When autonomous bodies such as universities enact rules for their own purpose, they are known as autonomous legislations.

Judicial Precedents

Being an essential source of law, the origin of precedent cannot be traced to customs. They are not even as modern as legislation. The judgment of the court is known as precedent. It is the right of implied legal principles.

It is based on the doctrine of stare decisis, which means that all cases must be decided alike. The legal cases in the future should be decided as per the pre-decided cases by the judge in the court of law. When the facts of the next case are similar to the previous ones, the case should be decided accordingly.

This principle ensures uniformity in decisions, and there are no biases in the decisions made by the court. It also saves time for the judges and ensures certainty in their decisions.

The four types of judicial precedents are:

Original Precedents

The decisions that make laws are known as original precedents. In this, the new laws are created and applied in several legal matters.

Declaratory Precedents

When the above set of laws that are formed in the original precedents are applied or followed in legal matters then it is known as declaratory precedents.

Authoritative Precedents

An authoritative precedent is more powerful as the judge has no other choice than to consider it. It does not matter whether the judge accepts it or not. For instance, the decisions of the superior courts, such as the Supreme Court, are always authoritative precedents. Authoritative precedents are further categorized into absolute precedents and conditional precedents.

Persuasive Precedents

A persuasive precedent does not come with a compulsion to follow the judgment given by the judge. He can refuse the precedent. For instance, the High Court decisions of a state act like persuasive precedents in the other high courts.


Customs are the oldest source of law that refers to the traditions and habits of the society and not the formal rules. They refer to the code of conduct followed by the people of a specific community, and it is mainly observed to ensure uniformity.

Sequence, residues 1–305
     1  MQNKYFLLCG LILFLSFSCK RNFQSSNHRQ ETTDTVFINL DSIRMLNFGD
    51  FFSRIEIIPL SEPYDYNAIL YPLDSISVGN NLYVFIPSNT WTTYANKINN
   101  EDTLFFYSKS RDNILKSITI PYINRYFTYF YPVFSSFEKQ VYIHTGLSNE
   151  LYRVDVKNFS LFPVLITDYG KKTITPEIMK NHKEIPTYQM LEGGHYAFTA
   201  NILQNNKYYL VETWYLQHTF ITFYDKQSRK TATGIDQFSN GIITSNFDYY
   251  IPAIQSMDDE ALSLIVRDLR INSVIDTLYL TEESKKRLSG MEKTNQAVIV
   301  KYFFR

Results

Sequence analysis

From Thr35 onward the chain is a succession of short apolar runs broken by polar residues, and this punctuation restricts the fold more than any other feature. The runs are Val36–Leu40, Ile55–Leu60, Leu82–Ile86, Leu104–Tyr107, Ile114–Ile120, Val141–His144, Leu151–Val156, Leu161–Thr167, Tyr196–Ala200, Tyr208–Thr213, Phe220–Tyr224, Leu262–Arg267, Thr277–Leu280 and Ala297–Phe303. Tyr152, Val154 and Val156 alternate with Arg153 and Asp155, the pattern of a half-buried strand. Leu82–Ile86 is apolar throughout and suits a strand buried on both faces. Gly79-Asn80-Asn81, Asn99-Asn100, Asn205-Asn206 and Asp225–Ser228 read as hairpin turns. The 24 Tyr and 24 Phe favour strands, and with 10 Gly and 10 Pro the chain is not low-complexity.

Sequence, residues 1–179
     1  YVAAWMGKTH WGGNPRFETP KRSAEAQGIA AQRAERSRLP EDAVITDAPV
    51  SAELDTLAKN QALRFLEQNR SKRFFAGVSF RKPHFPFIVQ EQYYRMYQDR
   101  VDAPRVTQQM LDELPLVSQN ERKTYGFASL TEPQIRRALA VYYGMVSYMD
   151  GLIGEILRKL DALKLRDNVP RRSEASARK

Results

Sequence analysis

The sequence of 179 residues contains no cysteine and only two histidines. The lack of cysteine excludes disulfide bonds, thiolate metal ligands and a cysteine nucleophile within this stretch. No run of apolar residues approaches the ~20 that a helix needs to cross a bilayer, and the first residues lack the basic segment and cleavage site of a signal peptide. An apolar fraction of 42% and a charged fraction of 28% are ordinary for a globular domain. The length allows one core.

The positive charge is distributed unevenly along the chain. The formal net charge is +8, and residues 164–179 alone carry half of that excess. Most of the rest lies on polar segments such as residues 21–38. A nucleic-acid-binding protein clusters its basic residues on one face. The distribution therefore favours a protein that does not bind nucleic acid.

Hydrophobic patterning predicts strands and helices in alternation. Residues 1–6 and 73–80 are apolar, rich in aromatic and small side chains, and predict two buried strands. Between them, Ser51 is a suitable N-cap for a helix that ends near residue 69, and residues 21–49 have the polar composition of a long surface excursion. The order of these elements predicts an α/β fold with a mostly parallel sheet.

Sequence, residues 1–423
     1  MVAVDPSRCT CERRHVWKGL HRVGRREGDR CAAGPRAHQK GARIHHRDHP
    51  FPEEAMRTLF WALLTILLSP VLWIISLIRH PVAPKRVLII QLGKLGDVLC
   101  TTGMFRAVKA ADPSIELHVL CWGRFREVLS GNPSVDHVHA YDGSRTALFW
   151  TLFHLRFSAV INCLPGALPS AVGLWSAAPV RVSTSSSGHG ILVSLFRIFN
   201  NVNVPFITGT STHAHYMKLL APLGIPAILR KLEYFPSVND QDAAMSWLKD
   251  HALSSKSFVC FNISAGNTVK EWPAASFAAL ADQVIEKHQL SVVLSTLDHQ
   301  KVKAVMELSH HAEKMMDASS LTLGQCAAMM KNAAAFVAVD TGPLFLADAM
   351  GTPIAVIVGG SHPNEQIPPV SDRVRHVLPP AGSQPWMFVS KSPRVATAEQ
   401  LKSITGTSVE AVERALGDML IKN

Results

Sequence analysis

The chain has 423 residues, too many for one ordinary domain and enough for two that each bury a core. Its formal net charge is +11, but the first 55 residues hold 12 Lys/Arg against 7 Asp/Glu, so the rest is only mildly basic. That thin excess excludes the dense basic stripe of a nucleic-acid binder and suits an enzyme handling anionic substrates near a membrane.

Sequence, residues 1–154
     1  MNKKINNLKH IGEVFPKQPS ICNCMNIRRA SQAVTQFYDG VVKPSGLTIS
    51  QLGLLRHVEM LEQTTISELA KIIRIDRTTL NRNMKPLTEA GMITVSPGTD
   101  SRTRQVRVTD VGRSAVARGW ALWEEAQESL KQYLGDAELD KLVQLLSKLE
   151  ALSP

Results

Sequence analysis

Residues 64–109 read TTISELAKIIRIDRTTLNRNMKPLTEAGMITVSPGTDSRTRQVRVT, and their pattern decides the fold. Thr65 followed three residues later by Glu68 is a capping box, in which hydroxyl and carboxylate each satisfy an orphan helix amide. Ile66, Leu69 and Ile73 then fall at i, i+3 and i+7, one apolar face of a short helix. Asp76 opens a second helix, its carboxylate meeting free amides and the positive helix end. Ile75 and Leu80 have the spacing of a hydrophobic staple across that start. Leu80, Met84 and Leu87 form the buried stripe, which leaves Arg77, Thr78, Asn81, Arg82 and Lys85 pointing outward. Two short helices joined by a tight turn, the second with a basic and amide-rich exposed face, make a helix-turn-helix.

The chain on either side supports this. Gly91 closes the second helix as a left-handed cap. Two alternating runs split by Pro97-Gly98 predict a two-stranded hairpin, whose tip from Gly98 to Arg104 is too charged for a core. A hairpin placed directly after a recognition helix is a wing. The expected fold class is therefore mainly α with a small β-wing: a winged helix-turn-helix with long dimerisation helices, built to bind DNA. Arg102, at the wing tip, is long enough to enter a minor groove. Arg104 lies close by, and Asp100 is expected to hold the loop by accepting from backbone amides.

Definition of Customs


According to Holland,

Custom means the course of conduct that is commonly observed.


According to Austin,

Customs are a standard of direct that the sovereign suddenly sees and does not conform to the law set by the political superior.

Elements of a valid custom

  • Customs must be ancient and must have been in use for years, as stated in the case Gokul Chand v. Praveen Kumar.
  • The customs should be in use continually and must serve a clear meaning, as stated in Hampton v. Hono.
  • The customs must have a valid reason to be legally binding and must be based on the principles of justice and equality.
  • Customs must be in alignment with the moral principles, public interest, and other customs of the same region. They should not conflict with each other.
  • Customs must not violate the fundamental rights of a person or go against legal rights.
  • There should be no force or coercion applied to practice a custom.

Following are the types of customs:

  • Custom without sanction- These customs are not mandatory and are followed because of the common public opinion.
  • Custom with sanction- These are mandatory and are enforced by the State. These are further divided into Legal customs and conventional customs.
  • Legal Custom- This is absolute and has the force of law. It is further divided into two types: General customs or Customs for all and Local customs or Special customs.

General customs are applicable throughout the country, while local customs are applicable in a specific area or region.

Conventional Law

is applicable to the parties in a trade or an agreement. For instance, the agreement between the landlord and tenant.